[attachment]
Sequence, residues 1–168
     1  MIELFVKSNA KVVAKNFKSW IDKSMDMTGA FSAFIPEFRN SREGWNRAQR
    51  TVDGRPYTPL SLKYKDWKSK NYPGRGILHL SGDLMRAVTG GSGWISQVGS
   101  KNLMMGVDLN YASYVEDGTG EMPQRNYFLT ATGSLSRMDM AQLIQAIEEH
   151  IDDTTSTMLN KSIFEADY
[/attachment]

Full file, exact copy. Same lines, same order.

Sequence, residues 1–168
     1  MIELFVKSNA KVVAKNFKSW IDKSMDMTGA FSAFIPEFRN SREGWNRAQR
    51  TVDGRPYTPL SLKYKDWKSK NYPGRGILHL SGDLMRAVTG GSGWISQVGS
   101  KNLMMGVDLN YASYVEDGTG EMPQRNYFLT ATGSLSRMDM AQLIQAIEEH
   151  IDDTTSTMLN KSIFEADY